We discussed what makes a good website and a bad website. They all love CBeebies and YouTube; they'd all heard of eBay and Amazon but they reckoned the key to a good website was 1) brilliant backgrounds, 2) clear layout and 3) good information.   These became our design rules.

Here's Bailey posing in front of our first card wall.

Bailey, the Project Manager
Bailey, the Project Manager

They very quickly identified that the number one user for this website was going to be their parents, followed by teachers (theirs and from other schools) and lastly their friends.  They got to this point unprompted and with real confidence which I thought was remarkable and exactly the answer I would have given.

We then created a backlog of cards, imagining ourselves as parents, teachers and friends and discussed prioritisation.  The two cards we prioritised were 'What kids are doing today' and 'comments about Money Day'.  The designers quickly went off with the cards, their cameras and notebooks around the school and the developers helped set up the FTP software and create a basic HTML template.

Backlog and users
Backlog and users

Multi-disciplinary team delivers

When the designers came back they selected some images, we did some pairing to reference the images in the HTML file, added some text (their words) and we were good to deliver our first website. Bailey sounded the bike horn, we high-fived and he awarded the team with stickers - just like real work.

The Delivery Team
The Delivery Team

Instant feedback from 'users'

I tweeted that we'd delivered the site and asked followers for feedback.  We got some lovely replies back and the kids could not believe that grown-ups with proper jobs had seen their work.  It helped that I was able to say 'this person works for Channel 4, this person worked at the BBC...'.  They loved it.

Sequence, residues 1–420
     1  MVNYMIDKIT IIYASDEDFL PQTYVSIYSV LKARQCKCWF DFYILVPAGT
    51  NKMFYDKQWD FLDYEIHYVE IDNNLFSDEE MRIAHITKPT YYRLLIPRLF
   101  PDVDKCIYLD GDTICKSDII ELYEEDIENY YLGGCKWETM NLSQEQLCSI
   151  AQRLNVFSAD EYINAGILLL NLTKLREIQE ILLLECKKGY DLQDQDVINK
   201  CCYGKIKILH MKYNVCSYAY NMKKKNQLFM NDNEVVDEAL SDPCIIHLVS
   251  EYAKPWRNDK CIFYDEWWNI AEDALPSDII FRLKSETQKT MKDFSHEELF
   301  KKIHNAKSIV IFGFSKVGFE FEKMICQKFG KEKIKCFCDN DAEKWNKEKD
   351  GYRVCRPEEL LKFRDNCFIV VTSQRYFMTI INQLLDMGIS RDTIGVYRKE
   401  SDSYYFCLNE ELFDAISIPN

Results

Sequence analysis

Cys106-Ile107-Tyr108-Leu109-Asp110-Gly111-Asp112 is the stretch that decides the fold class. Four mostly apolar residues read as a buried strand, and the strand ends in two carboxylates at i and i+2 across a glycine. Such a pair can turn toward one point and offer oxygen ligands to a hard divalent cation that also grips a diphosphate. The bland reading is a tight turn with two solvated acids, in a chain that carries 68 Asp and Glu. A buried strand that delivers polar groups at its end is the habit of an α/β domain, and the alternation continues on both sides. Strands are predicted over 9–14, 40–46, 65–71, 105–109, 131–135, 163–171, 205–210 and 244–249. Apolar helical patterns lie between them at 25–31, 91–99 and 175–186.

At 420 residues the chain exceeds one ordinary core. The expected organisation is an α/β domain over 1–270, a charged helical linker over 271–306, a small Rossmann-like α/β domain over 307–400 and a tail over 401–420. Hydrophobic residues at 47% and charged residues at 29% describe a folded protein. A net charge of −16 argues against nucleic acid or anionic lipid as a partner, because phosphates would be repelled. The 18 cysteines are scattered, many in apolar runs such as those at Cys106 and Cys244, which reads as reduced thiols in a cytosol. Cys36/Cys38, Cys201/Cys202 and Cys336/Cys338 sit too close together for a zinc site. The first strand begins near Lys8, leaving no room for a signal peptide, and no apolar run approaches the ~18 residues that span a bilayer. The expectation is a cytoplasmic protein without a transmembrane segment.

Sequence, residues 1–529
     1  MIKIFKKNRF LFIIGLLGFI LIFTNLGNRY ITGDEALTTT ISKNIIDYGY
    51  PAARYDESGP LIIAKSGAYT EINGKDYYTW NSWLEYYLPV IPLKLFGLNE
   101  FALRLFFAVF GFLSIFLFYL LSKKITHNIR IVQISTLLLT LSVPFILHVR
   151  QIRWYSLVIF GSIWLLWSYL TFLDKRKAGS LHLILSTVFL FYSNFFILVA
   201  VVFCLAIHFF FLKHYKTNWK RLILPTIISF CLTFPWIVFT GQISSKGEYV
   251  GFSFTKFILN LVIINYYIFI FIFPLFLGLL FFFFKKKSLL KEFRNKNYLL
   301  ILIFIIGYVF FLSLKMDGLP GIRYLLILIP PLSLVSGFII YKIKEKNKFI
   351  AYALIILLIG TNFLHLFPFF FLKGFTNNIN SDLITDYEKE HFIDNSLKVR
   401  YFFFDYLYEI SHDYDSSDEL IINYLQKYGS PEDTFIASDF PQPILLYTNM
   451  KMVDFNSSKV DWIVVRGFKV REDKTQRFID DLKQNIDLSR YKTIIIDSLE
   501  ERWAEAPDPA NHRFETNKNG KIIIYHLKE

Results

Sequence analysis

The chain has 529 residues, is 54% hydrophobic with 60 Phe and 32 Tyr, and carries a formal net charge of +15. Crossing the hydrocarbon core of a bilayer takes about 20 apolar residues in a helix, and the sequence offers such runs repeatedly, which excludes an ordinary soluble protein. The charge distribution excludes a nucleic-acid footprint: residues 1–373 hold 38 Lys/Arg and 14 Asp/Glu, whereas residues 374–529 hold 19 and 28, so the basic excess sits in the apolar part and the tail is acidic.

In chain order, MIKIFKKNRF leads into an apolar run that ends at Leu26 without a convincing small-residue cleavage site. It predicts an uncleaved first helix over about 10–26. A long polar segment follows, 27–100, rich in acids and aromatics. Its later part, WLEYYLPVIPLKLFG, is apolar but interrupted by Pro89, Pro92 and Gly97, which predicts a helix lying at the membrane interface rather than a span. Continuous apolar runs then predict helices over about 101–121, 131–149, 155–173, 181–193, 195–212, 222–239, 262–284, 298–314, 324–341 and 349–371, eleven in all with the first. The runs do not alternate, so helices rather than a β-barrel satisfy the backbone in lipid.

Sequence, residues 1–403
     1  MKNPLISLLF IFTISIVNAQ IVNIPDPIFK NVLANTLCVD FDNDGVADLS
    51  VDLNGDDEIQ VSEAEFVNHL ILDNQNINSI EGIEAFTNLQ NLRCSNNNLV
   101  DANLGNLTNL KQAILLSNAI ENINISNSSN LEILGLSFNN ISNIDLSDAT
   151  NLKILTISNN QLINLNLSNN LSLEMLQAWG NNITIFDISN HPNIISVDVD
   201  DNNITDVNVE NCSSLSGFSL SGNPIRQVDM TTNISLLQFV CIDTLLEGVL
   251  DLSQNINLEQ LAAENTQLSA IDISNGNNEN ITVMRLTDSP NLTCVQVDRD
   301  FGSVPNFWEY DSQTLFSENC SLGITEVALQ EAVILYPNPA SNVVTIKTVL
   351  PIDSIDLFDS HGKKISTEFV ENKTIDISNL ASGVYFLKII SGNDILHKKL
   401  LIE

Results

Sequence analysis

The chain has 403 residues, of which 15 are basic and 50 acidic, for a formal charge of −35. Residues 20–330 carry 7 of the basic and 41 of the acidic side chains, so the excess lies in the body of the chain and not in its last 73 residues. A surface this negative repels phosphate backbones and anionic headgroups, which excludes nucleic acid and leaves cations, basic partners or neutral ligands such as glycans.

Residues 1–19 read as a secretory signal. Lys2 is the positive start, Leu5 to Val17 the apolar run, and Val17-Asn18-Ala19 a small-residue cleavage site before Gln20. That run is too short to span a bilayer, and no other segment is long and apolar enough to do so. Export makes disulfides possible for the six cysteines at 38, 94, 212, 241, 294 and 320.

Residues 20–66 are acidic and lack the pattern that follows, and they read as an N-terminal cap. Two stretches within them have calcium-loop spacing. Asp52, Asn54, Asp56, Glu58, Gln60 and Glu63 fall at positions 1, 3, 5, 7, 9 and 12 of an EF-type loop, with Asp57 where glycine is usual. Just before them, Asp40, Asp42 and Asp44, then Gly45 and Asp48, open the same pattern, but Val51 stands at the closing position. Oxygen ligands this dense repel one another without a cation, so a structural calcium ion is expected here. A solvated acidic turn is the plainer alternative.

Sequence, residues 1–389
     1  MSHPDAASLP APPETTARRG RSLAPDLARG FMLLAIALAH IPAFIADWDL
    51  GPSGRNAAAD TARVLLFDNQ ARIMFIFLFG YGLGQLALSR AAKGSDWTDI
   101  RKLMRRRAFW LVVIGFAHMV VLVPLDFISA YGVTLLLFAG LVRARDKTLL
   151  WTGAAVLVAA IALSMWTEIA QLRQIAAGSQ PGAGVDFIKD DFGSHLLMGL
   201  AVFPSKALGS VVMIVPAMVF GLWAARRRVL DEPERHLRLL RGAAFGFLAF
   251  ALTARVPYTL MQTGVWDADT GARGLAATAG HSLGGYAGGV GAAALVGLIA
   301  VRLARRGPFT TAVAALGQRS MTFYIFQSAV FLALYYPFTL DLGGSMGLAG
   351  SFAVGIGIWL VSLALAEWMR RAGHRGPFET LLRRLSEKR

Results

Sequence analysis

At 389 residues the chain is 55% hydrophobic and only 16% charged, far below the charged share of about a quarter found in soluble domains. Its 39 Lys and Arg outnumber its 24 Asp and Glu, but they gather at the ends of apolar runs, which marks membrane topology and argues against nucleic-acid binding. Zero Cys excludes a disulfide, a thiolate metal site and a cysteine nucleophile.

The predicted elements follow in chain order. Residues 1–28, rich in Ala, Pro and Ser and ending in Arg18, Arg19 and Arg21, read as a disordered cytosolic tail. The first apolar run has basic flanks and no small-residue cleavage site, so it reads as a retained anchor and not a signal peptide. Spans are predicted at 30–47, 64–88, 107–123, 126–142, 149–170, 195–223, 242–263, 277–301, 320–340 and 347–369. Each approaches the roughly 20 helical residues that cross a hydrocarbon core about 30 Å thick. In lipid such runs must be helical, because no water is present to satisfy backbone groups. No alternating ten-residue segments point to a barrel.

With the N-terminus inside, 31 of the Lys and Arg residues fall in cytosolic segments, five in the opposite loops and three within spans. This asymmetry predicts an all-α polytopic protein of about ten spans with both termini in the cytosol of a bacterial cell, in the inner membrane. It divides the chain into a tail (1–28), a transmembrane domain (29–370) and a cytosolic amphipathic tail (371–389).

What Money Day taught me

Teaching is bloody exhausting.  I'll be careful not to take the piss out of teachers getting home at 4pm and taking long holidays.  I think I passed out on the sofa even before my nightly fix of Newsnight.

The class room was very similar to my workplace.  There was bunting everywhere- just the GDS office - lots of bright colours and cards on walls, stickers, toys, progress charts and circle-time.  Actually, the smaller seats suited me quite well given my little leggy-wegs.

And then there's the stuff that people desperately try to fight back.  In my world it's the gantt chart, pointlessly long documents and corporate buzz words; in teaching it's words like 'step vocabulary, plenary, WALT' and the rigidity of tests and the National Curriculum over creative learning and singular focus on the children rather than The System.

The kids totally got the Kanban wall by the way and the idea of delivering things incrementally. It made perfect sense to them and I did not need to explain anything twice.  In fact one of the teachers said she might start using it to organise their days.